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The Four Most Important Words About Fireworks: ‘Light Fuse, Get Away’

Posted on | July 5, 2019 | Comments Off on The Four Most Important Words About Fireworks: ‘Light Fuse, Get Away’


If you love shooting fireworks as much as I do, you have to be serious about safety. Later this month, my sons and I will be shooting a genuinely massive show — a belated Fourth of July celebration, delayed for family reasons — and we are experienced enough to do things right. Unfortunately, some people are not so experienced:

A fireworks store in Indiana was forced to recall 25,000 individual fireworks after a boy lost his hand in an accident, the Consumer Product Safety Commission announced in a statement.
According to Oxford, Ohio, police, Caleb Bogan and Brendon Jones found the end of a Talon rocket on the evening of March 19, lit it and were injured by the explosion. Caleb, 12, was flown to the Cincinnati Children’s Hospital after sustaining serious injuries, while Brendon suffered only minor injuries.
The recall entails that all products and fireworks be immediately returned for a refund to Grandma’s Fireworks in West College Corner, Ind., which is located just on the Indiana-Ohio state border.

Four words: “Light fuse, get away.”

Every consumer firework sold in the United States carries that warning, and yet every year, people are injured because they ignore that warning.

Three words: “Always brace cakes.” (The ABC Rule.)

Aerial repeaters (known as “cakes”) are the most popular consumer firework product. You light one fuse, and multiple shots fire into the sky — or rather, they’re supposed to fire into the sky. If not properly braced, some cakes can tip over and start firing sideways. Three times I’ve been present when that happened (none of the tip-overs were my fault), and it’s a genuinely frightening experience. Therefore the ABC Rule is always enforced when I’m in charge of a show. But not everybody understands why this rule is so important:

Nine years ago, Kryshelle Houghton safely stood on her driveway watching friends shoot off New Year’s Eve fireworks. She never imagined what impact that celebration wound have on the rest of her life. After a friend lit off a firework ironically named the “Lucky Seven,” it accidentally tipped over and hit Houghton directly in her left eye. Tragically, Houghton, who was 19 at the time lost the vision in her eye that night.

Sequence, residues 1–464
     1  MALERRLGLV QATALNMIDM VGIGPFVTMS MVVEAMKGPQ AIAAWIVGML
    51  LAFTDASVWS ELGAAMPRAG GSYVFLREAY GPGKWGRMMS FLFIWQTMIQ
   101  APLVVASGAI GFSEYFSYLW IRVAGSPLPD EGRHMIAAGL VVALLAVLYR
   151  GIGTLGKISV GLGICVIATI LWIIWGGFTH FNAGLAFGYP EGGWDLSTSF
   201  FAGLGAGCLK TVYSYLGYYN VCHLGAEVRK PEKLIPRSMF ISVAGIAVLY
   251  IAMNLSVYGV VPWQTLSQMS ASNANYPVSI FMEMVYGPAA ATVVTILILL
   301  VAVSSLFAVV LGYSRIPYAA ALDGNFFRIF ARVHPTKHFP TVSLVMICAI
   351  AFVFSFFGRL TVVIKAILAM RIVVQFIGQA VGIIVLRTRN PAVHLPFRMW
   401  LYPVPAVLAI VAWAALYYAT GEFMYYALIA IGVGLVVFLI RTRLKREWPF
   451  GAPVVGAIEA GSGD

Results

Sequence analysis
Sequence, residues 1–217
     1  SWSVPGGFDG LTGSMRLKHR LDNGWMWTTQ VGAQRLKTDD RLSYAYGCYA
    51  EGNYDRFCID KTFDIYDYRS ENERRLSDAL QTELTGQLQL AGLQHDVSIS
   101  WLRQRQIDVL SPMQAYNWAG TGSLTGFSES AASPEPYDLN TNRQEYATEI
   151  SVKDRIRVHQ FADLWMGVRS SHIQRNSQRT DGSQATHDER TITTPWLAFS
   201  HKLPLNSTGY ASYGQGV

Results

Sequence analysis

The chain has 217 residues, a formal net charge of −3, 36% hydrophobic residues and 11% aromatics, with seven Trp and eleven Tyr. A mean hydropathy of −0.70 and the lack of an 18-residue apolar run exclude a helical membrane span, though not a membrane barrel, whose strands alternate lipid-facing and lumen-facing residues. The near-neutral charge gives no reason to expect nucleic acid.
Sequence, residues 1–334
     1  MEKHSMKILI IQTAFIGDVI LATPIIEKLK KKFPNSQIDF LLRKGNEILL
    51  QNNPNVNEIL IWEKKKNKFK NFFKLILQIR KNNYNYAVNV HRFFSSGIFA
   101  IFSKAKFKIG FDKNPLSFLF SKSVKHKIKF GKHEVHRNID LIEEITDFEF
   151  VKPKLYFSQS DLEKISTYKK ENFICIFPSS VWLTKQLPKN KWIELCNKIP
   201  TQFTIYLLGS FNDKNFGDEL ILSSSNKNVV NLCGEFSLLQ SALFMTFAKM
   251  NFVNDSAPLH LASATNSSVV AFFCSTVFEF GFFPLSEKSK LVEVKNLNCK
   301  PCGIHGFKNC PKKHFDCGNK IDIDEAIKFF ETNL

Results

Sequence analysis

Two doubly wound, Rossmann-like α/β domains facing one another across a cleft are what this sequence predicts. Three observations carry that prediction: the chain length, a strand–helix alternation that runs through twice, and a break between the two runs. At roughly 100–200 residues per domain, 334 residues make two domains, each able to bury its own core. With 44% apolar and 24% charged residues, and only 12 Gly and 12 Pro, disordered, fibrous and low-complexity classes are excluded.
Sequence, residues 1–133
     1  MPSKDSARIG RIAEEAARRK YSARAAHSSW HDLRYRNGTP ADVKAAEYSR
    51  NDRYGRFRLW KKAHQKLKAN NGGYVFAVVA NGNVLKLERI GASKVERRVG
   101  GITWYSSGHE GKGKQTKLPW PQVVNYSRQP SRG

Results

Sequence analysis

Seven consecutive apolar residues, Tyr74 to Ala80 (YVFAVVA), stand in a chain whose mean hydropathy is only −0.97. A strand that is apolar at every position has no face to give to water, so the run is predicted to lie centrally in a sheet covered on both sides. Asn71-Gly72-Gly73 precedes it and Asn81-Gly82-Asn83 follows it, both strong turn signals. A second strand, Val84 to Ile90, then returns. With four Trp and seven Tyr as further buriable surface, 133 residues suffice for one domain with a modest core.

In Houghton’s case, she wasn’t participating in any sort of risky firework behavior at the time of her accident. “I wasn’t doing anything unsafe – I was standing there in the driveway watching a show in the road,” Houghton said. “People don’t realize how unsafe (fireworks) can be.

One look at the “Lucky 7” tells you why it can so easly tip over:


There are several ways to brace cakes. You can drive a stake into the ground and use duct tape to wrap the cake to the stake. Or if you’re shooting on the street, a driveway or a parking lot, you can use bricks to brace your cakes. What we do in our shows is glue the cakes to a board and use fuse to connect them to fire in sequence. Here’s a 3-minute video (not mine) that gives you the basic idea of how it’s done:


The ABC Rule and the four basic words (“Light fuse, get away”) of fireworks safety will eliminate 99% of the risk involved. Once you’ve done that, the biggest remaining risk is a blowout, which is when an aerial shell fails to launch and explodes inside the tube on the ground. If one of the shots in a cake does this, often it will blow the whole cake apart, sending some of the shots going sideways. Every pyrotechnicians’s worst nightmare is to have a blowout on a mortar rack that splits the rack, leaving chain-fused mortars firing sideways. Before shows, I always tell people, “We have a lot of things that fire at different angles, but the one angle we don’t want is sideways. If you see me running? Run for it!”

A lot of fireworks fans have been worried that President Trump’s trade war with China will cause an increase in prices, because nearly all consumer fireworks sold in America are made in China. This is one product we should be grateful to have the Chinese manufacture, not only because they have thousands of years of expertise — they did invent gunpowder, after all — but also because it’s very dangerous work. “12 killed as explosion rips through fireworks factory in China” (September 2014) and “7 killed in East China’s firework plant blast” (September 2017) are typical headlines. Can you imagine the insurance costs if we were making fireworks in America? So thank you, Communist China and your nimble-fingered peasant workers! But every once in a while, we get a glimpse of the dangers of mass quantities of fireworks:

FORT MILL, S.C. – Firefighters had to dodge exploding rockets to douse a spectacular fire that destroyed containers of fireworks stored for sale on the Fourth of July.
Now, investigators believe that fire may have been intentionally set. According to the York County deputy fire marshal, they are investigating [the] fire as a possible arson.
No other details about the investigation have been released.
Crews spent nearly an hour extinguishing the fire that broke out before dawn at the fireworks storage center in Fort Mill.
Emergency crews were called around 5:45 a.m. to the fireworks storage containers near Davey Jones Fireworks along Carowinds Boulevard, just off Interstate 77. . . .
York County deputies said the fire was not actually at the fireworks store but started in containers just outside the store.


The fact that this happened in storage containers that should have been locked is probably why authorities suspect arson. If indeed this proves to be the case, I hope the culprit is prosecuted to the full extent of the law. Wasting perfectly good fireworks like that? It’s so wrong.



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